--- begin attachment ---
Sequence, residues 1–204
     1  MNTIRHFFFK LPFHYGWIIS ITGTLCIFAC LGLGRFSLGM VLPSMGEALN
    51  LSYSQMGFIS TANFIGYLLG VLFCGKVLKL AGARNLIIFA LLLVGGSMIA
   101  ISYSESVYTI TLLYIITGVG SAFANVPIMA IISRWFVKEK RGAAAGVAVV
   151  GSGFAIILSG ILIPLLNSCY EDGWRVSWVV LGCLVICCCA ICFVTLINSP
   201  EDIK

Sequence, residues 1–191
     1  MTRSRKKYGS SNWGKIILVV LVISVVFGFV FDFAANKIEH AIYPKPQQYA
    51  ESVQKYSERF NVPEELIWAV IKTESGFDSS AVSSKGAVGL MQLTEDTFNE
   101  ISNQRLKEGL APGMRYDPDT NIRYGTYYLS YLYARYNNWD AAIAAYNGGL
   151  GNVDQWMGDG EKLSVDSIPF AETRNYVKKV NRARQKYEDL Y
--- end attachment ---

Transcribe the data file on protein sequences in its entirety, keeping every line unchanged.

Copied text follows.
Sequence, residues 1–204
     1  MNTIRHFFFK LPFHYGWIIS ITGTLCIFAC LGLGRFSLGM VLPSMGEALN
    51  LSYSQMGFIS TANFIGYLLG VLFCGKVLKL AGARNLIIFA LLLVGGSMIA
   101  ISYSESVYTI TLLYIITGVG SAFANVPIMA IISRWFVKEK RGAAAGVAVV
   151  GSGFAIILSG ILIPLLNSCY EDGWRVSWVV LGCLVICCCA ICFVTLINSP
   201  EDIK

Sequence, residues 1–191
     1  MTRSRKKYGS SNWGKIILVV LVISVVFGFV FDFAANKIEH AIYPKPQQYA
    51  ESVQKYSERF NVPEELIWAV IKTESGFDSS AVSSKGAVGL MQLTEDTFNE
   101  ISNQRLKEGL APGMRYDPDT NIRYGTYYLS YLYARYNNWD AAIAAYNGGL
   151  GNVDQWMGDG EKLSVDSIPF AETRNYVKKV NRARQKYEDL Y